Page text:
In the sewer that comprises much of modern cinema, three characterizations of men dominate the scene: the incredibly hip gay or metrosexual in touch with his feminine side, the overly aggressive, boorish, and/or insensitive lout who desperately needs to be, and the dazed and confused milquetoast wallowing in his sensitivity.
Bucking that trend and hearkening back to an era in film when men apparently didn’t need to be feminized, director Peter Weir delivers, in Master and Commander: The Far Side of the World, a refreshingly realistic and honest portrayal of a group of men, uncorrupted by fashionable psychotherapeutic sentiments.
Based on Patrick O’Brian’s historical novels, Master and Commander chronicles the adventures of the crew of the British ship H.M.S. Surprize, whose mission is to burn, sink, or capture a French frigate terrorizing British merchant vessels in the South Atlantic in 1805. Russell Crowe fills the role of their commander, Captain Jack Aubrey, like a glove, solidifying his reputation (if Gladiator had not already done so) as one of the few leading men in Hollywood who can convincingly exhibit leadership. Crowe as Aubrey portrays a man devoted to his crew and their objective, inspiring the loyalty that readily enables the prosecution of their commission. The commander is not without his faults, though. His at times overzealous pride in the success of the mission, as his good friend Dr. Maturin (Paul Bettany) points out, puts the safety of his crew at greater risk, and his temper sometimes gets the better of him–but these flaws only serve to accentuate the nobility of his nature and the authenticity of the character.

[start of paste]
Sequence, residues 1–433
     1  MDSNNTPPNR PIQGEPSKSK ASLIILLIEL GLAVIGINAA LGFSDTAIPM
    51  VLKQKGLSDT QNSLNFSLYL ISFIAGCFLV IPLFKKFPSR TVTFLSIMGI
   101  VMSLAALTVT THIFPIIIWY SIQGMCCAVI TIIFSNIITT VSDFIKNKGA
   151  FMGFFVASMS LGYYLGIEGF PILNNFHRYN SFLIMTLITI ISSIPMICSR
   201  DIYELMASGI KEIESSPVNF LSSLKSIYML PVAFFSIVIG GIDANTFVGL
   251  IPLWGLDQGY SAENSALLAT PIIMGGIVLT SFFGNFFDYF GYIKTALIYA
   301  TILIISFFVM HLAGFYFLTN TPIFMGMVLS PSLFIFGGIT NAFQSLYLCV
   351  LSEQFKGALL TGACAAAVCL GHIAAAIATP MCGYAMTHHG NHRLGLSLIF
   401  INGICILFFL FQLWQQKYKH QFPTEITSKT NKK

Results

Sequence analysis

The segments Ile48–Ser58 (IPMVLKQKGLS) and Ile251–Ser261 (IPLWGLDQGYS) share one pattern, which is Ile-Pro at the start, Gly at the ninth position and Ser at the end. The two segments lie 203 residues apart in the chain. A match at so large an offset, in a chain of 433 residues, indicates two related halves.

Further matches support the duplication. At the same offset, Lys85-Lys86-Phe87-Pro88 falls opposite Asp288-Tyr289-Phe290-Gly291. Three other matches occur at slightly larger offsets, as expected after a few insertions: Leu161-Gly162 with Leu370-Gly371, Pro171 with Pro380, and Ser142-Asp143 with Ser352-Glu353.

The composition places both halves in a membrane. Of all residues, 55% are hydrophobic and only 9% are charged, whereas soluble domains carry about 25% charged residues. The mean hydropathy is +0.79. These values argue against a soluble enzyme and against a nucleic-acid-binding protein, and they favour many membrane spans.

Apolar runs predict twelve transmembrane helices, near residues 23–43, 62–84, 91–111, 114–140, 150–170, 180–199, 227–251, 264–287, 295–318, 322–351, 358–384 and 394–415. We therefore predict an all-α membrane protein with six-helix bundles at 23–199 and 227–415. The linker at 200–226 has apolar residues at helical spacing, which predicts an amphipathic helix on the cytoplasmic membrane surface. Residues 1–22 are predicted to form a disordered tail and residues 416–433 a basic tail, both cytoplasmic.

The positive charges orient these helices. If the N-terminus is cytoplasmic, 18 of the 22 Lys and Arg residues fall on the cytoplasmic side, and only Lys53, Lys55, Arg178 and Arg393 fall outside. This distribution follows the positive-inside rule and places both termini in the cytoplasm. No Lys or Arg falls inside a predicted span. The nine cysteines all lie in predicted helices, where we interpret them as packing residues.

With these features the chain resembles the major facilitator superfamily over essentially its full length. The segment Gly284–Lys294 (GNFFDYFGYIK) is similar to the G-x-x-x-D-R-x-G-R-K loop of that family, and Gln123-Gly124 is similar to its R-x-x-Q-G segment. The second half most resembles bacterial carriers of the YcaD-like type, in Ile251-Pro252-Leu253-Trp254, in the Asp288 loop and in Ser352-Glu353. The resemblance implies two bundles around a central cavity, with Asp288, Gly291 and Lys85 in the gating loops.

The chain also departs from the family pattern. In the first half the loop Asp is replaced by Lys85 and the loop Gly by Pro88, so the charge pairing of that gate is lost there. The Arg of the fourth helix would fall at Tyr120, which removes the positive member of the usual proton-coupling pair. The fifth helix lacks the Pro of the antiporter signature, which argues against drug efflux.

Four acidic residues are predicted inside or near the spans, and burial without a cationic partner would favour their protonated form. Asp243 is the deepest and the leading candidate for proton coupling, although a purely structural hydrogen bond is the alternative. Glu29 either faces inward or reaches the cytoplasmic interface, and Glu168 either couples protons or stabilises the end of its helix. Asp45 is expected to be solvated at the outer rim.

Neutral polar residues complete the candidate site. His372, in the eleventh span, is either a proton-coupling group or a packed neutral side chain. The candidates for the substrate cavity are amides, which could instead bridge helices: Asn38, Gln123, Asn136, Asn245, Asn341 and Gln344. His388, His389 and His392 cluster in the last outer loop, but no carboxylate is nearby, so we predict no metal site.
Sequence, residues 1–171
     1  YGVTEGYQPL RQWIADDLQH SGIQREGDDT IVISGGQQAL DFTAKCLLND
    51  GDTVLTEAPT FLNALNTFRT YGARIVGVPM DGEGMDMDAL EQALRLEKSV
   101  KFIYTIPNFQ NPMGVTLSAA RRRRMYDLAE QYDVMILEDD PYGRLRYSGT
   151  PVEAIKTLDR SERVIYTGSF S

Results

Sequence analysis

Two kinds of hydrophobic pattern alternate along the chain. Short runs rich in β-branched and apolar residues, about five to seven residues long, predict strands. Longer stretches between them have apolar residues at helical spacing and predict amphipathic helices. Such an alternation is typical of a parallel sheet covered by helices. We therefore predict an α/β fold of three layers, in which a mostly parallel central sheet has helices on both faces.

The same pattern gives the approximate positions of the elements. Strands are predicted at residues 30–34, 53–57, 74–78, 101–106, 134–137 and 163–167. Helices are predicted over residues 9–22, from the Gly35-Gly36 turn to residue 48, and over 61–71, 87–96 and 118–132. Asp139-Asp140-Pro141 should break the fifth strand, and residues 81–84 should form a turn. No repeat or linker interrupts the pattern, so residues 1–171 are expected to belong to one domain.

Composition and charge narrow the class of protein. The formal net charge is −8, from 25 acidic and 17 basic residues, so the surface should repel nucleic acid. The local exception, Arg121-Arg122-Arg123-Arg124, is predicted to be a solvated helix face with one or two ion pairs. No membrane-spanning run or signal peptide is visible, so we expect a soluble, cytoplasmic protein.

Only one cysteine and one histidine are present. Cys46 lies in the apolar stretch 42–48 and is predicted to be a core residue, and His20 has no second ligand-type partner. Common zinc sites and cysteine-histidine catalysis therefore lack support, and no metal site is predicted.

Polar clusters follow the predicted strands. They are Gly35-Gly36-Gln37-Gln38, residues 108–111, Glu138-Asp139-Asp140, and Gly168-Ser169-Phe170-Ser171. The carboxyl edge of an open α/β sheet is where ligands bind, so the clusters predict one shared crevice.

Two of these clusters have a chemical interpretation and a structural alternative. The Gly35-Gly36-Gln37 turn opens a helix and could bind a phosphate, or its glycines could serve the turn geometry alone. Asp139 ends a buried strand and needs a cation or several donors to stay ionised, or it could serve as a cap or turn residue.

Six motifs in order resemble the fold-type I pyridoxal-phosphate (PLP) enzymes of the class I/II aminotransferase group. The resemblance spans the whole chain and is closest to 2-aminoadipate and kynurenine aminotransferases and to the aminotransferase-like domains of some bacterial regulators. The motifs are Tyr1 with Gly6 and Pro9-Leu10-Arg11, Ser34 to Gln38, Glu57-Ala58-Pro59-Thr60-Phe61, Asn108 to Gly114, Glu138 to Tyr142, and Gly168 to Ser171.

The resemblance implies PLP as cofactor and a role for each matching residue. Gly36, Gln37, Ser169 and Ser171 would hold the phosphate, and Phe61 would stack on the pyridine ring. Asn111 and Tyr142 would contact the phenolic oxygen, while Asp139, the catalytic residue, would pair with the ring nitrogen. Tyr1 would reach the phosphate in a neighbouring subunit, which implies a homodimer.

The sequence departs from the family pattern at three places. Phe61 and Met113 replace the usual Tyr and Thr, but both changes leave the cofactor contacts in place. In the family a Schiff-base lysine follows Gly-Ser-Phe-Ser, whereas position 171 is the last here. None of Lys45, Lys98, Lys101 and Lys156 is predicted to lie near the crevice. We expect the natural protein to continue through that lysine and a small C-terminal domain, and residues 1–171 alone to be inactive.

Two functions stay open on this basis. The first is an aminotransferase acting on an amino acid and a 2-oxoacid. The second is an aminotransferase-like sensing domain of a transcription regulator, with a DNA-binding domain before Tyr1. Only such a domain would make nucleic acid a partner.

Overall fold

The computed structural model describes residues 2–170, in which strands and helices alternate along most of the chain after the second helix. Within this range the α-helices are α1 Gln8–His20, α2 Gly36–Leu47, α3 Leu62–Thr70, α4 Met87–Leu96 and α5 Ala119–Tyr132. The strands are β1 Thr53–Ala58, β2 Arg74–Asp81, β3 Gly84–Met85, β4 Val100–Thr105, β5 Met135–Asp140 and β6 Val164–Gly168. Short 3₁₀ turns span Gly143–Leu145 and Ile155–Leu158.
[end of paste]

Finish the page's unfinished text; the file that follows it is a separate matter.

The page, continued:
Bettany as Dr. Maturin brings a cool, levelheaded reserve to the role that serves his character (and Aubrey) well, especially when Maturin is forced to perform abdominal surgery on himself. Despite the fact that his primary professional interest is the observation and analysis of animal species, there is no question in his mind as to his duty when he spots the enemy ship on the opposite side of an island, forcing him to abandon his collection of uncatalogued species in order to give his crew sufficient time to capture the ship.
Almost as impressive is the young Max Pirkis, who plays a 13-year-old midshipman forced to deal with the amputation of an arm and the loss of a close friend, trials extraordinary for any young person to bear. Yet this youthful sailor manages to maintain his confidence and resolve, despite his obvious pain, and demonstrates a maturity that belies his age–quite a contrast to the eternal adolescents we’re used to.
In other instances, Weir alternately depicts a young, exuberant officer who rises to the rank of captain, and another officer so filled with self-doubt that it consumes him.
This contrast reflects the range of character traits exhibited in men. Be they noble or otherwise, Weir always gives the impression they are genuine. As such, they reveal, as Aubrey suggests, who we are and who we hope to be–sentiments every man needs to reflect on.